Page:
Wednesday, April 24, 2024

Low carbon opportunities beckon

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Leading environmental science professor Troy Baisden says large international firms setting net zero or negative carbon goals signifies a shift that New Zealand farmers can’t ignore – and could benefit from.
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Efforts to reduce nitrate levels may also play well into these opportunities, effectively dealing with two of agriculture’s major issues in a single action.

The University of Waikato professor points to the Financial Sector (Climate-related Disclosures and Other Matters) Amendment Bill, currently at select committee stage. It is the domestic instrument for the Paris Accord’s intention that climate change risk be recognised as a financial risk.

If passed by Parliament it will require about 200 large financial companies, including banks, insurance companies and investment organisations, to start making climate-related disclosures for their financial years, starting next year.

“The rules of this will propagate down to all significant activities in NZ and likely include farming and businesses where there are risks of storms, sea level rises and risks associated with businesses with greenhouse gas emissions,” Baisden said.

NZ is the first country in the world to require climate risk be written into disclosures and international interest in the move is high.

More companies are already rewriting their bottom lines to include zero or negative carbon goals, in some cases to be achieved as early as 2030, while investors also start to exit carbon heavy activities like oil production.

“So, investors are looking for somewhere they can put that money where positive carbon outcomes can be shown, while these firms are also starting to line up suppliers who can meet carbon certification requirements,” he said.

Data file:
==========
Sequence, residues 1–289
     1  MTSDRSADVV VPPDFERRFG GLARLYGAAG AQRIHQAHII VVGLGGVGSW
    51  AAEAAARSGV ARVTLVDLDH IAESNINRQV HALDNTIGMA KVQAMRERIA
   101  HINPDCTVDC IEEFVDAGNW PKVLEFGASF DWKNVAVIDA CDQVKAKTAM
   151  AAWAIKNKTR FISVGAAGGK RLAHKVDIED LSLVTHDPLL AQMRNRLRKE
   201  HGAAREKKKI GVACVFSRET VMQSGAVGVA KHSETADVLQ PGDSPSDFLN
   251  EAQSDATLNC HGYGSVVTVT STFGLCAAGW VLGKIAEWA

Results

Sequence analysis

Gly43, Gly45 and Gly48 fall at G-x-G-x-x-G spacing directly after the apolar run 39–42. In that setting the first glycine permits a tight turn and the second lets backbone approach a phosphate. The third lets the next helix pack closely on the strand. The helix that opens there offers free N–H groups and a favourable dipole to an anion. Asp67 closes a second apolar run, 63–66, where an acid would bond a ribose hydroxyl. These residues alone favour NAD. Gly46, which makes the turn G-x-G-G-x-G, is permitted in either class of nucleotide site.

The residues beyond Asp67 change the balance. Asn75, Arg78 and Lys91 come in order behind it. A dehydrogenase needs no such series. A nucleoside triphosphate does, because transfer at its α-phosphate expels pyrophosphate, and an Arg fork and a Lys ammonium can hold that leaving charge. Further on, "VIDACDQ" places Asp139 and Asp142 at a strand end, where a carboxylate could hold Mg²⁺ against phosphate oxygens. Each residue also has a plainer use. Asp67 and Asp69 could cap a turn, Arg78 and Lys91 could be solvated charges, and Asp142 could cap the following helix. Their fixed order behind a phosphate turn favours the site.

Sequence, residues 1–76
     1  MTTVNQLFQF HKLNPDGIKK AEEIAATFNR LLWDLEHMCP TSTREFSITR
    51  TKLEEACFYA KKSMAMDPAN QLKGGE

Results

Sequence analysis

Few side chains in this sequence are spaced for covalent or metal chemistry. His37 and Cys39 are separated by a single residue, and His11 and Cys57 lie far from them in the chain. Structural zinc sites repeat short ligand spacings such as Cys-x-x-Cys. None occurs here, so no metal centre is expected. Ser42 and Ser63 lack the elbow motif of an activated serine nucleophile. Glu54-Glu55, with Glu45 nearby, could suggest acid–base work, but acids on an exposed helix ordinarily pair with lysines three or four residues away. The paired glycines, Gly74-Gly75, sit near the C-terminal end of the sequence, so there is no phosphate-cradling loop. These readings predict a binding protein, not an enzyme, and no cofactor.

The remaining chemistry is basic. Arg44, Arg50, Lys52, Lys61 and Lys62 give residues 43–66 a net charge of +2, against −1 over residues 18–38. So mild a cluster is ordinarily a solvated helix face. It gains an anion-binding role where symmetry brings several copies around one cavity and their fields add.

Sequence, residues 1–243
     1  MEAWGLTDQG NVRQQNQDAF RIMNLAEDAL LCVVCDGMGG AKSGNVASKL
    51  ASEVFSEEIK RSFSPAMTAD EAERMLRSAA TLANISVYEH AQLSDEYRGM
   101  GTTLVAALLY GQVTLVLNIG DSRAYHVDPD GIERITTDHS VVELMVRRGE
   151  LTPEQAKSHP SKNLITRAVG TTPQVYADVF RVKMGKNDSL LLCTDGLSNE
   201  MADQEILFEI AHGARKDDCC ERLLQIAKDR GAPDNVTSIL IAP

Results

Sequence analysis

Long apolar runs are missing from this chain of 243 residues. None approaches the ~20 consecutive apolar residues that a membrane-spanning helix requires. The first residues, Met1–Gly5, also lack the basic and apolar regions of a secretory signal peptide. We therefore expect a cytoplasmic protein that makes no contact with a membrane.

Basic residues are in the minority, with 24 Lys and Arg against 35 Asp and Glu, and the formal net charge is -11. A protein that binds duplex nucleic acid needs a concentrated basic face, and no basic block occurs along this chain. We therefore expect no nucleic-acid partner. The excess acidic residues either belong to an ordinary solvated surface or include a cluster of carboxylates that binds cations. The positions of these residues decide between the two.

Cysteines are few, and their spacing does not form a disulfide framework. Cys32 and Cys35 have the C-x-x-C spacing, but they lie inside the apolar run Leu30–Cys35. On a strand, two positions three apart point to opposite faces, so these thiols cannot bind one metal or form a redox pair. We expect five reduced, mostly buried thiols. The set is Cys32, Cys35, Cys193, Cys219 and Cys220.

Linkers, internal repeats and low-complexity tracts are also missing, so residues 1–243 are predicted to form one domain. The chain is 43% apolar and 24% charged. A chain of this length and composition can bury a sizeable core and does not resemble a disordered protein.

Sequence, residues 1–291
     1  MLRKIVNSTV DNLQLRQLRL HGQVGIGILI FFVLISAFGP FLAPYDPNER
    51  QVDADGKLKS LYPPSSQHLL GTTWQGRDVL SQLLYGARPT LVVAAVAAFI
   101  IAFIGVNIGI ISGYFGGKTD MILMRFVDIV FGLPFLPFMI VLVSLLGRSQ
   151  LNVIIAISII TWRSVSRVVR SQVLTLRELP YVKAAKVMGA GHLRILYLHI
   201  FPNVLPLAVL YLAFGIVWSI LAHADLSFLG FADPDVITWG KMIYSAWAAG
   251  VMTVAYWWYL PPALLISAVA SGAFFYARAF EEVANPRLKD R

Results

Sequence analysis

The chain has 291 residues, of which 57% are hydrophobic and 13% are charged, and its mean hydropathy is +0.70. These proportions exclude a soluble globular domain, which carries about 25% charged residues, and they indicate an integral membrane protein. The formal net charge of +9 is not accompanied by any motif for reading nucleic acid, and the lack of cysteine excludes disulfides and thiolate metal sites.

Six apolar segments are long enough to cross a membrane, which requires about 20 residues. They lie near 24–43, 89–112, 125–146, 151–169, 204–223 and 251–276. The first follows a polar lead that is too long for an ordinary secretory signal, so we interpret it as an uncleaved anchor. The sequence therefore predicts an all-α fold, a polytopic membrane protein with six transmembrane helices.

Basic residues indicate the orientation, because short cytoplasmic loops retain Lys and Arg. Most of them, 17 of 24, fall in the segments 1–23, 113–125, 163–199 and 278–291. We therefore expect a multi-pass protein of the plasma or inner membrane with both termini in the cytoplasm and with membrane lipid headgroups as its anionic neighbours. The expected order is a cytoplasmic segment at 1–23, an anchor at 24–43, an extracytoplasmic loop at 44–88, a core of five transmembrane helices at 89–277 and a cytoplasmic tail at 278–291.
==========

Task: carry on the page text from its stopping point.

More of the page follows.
One of the highest profile companies is Microsoft, which relies upon electricity to power cloud servers, and has declared a carbon negative goal will be achieved by 2030. 

It is also launching an initiative to use Microsoft tech to help suppliers and customers reduce their carbon footprints, including a US$1 billion innovation fund to develop low carbon tech.

“And we are seeing a lot of drivers for more forests and soil carbon; there is an opportunity for farmers to capture more at the front end of what they are doing,” he said.

Baisden’s views were echoed by high country farmer Geoff Ross of Lake Hawea Station. He told delegates at this year’s red meat conference there are real marketing opportunities in play now for farmers achieving zero or negative carbon status.

He has contracts to supply his station’s certified zero-carbon Merino wool to Icebreaker and Allbirds. Both companies are at or near carbon neutral and are setting the standard for other clothing and footwear makers.

In the meantime, digital company Toha is providing investors with measurable outcomes for activities claiming to deliver positive environmental outcomes, providing feedback to prospective investors to give them confidence to engage with the activities.

Farming is first up for the company, through its “Calm the Farm” service providing intending regenerative farmers with access to advisors and investors. Founders include data analytics expert Professor Shaun Hendy.

Meanwhile, the ability to deal with lower carbon emissions and nitrate levels in waterways could also be addressed, with more attention to livestock’s nitrous oxide emissions.

Eclipsed by more prodigious methane, nitrous oxide’s emissions claim about 10% of NZ’s total emissions, coming largely from livestock.

The difficult to measure gas is emitted as a byproduct of nitrification when stock urinate surplus nitrogen intake out.

“It is a bit of a forgotten gas, but if we are not losing it in the air as nitrous oxide, we are losing it through the water as nitrate,” he said.

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